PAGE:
Be part of a sustainable future with the Royal Agricultural University
Promoted by Royal Agricultural University

Be part of a sustainable future with the Royal Agricultural University

There is nothing better than starting a career with the intention to make the world a better place. And while actions play a huge role, even more significant is the research that targets specific issues and looks to solve them, especially in agriculture. 

This is what Nigerian student Folasayo Olayunju wants to be part of. He has plans to build a career in sustainable agriculture, focusing on rural communities in developing countries. “I’d like to be involved in improving the livelihood in sub-Saharan Africa through improved crop productivity,” Olayunju says. 

He picked the Royal Agricultural University (RAU)  to be his stepping stone, simply because he knew he would get the best, with its flexibility and active researchers as lecturers. I have been exposed to the practical world of sustainable and integrated food production in the UK with three farm visits within a short period of time,” says the MSc Sustainable Agriculture and Food Security student.

Based in Cirencester, Gloucestershire, RAU stands out for how it equips students to meet pressing global challenges and inform future policy on global population, climate change, resource limitations, sustainability and food security. 

It is proud to be at the forefront of agricultural education and a key contributor to the land-based sector for over 175 years. Research here is “world-leading and internationally excellent” as assessed by the Research Excellence Framework (REF 2021). And its three main goals are feeding the world in a changing environment; sustaining and restoring the global environment and enabling and revitalising Global Britain in a post-Brexit and Covid world.

Teaching here is just as high calibre. It is rated one of the top six business schools in Europe for studying Rural Land Management (, 2022). Professors are authors of the National Food Strategy and Nutrients Management Strategy, which are the two key initiatives in agriculture to support the government’s objective of achieving net-zero carbon emissions.

Programmes are designed to equip students to be workforce-ready. Source: Royal Agricultural University.

They bring to life programmes like the MSc Business Management and the MSc Agricultural Technology and Innovation — showing students how they can make a difference in various fields. The former combines a curriculum that seeks to meet the UN Sustainable Development Goals with elective modules like Advanced Equine Business Management and Farm Business Management. The latter explores how developments in sensors, robotics, automation, analytics and telematics are enabling new and sophisticated ways of managing agricultural practices.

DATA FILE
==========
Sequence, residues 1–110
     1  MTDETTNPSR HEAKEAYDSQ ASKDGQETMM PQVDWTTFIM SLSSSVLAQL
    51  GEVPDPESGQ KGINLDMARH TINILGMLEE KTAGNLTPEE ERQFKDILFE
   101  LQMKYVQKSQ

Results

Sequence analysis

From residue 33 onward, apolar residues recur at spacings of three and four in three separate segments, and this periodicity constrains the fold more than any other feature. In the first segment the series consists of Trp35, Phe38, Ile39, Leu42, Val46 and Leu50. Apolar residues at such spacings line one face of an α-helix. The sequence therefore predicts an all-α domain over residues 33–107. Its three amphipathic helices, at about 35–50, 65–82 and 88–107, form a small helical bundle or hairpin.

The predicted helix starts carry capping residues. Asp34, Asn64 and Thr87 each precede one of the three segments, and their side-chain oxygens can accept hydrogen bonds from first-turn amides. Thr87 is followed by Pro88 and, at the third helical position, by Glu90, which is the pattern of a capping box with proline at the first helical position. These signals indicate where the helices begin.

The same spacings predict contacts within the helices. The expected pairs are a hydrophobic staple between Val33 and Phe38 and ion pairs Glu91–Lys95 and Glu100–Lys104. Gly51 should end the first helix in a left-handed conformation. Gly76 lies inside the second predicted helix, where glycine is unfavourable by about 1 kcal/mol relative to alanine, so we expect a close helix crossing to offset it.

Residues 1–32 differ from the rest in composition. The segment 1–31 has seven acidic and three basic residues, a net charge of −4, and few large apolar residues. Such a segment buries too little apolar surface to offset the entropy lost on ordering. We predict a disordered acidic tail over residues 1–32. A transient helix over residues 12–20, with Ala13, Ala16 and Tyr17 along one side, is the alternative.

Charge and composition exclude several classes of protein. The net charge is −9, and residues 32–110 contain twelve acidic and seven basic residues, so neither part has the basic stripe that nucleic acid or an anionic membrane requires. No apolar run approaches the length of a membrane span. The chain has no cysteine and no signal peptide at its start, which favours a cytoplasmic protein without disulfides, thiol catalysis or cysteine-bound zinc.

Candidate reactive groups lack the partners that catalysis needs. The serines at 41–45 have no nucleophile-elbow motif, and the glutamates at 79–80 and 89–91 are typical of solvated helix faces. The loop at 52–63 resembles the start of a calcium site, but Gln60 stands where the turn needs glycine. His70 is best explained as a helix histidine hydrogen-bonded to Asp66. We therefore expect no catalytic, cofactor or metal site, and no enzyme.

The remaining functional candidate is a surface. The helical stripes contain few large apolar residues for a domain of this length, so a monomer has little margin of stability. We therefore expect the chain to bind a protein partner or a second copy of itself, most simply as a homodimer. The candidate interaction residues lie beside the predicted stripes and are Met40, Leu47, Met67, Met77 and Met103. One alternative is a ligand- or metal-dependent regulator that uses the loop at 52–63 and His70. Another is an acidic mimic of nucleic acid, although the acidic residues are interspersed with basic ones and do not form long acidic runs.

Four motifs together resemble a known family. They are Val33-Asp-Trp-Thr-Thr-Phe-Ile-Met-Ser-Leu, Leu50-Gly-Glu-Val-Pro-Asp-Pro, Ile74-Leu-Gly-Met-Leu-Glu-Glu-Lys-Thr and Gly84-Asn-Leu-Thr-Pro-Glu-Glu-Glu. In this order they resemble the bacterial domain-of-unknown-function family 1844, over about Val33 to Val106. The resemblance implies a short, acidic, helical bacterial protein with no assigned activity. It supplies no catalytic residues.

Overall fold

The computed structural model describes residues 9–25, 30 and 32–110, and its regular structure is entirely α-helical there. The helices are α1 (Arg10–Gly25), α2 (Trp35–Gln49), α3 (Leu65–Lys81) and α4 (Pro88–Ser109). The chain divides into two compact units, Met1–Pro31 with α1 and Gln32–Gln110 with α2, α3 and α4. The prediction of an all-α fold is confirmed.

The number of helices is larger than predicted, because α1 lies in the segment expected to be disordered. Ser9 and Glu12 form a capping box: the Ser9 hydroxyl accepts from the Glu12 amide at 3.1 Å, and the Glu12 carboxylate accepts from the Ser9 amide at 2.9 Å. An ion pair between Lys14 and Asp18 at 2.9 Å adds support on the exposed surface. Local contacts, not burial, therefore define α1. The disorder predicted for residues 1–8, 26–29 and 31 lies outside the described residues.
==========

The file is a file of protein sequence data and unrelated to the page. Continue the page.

Whichever programme they choose, RAU students have plenty of opportunities to take their learning beyond the classroom and the country. Discussions and group work are dynamic, with the campus being home to over 42 nationalities and study abroad opportunities available at seven universities in China and the US, including the recently opened International Agriculture University, a new partner university in Taskhent, Uzbekistan.

Such a global approach to learning lets students master the practical and theoretical skills that open doors to new opportunities — including finding solutions to today’s top climate challenges. 

Students have access to research centres and labs to assist learning. Source: Royal Agricultural University

For Abdullah Jehanzeb from Pakistan, this starts with uplifting smallholder farmers from subsistence farming into small-scale commercial agriculture. By joining a development organisation, he believes he can make an impact in this sector. “Specialised modules, learned faculty, and driven peers are all contributing towards my preparation to take on greater roles in the future,” the MSc Sustainable Agriculture and Food Security student says.

The highlight of his experience thus far? The frequent farm visits. 

“Whether part of the course or a student trip, physically witnessing the theoretical concepts studied in class has enhanced my understanding in these areas,” says Jehanzeb. 

Practical exercises ensure every RAU student evolves into an employable and enterprising graduate. Beyond experiential learning like farm visits, there is the successful Social Enterprise programme Cotswold Hills Wine. Students can participate in various stages of the business, from harvesting the grapes to developing the branding and marketing the product. 

They can gain insights at the 15,000-acre Bathurst Estate or with over 100 agricultural businesses as well. Those who want to start their own business can find support at Farm491 at the RAU’s Alliston Centre, the UK’s leading agri-tech business incubator and accelerator with 33 million pounds in investment. 

At every step of the way, RAU students have real support from their campus family. At the university ranked first in the UK for Learning Communities and fourth for overall satisfaction and the safest in England and Wales, everyone’s welcome, doors to academics are always open, and well-being drop-ins are frequent. There’s even a free shuttle bus from the town centre in the evening. 

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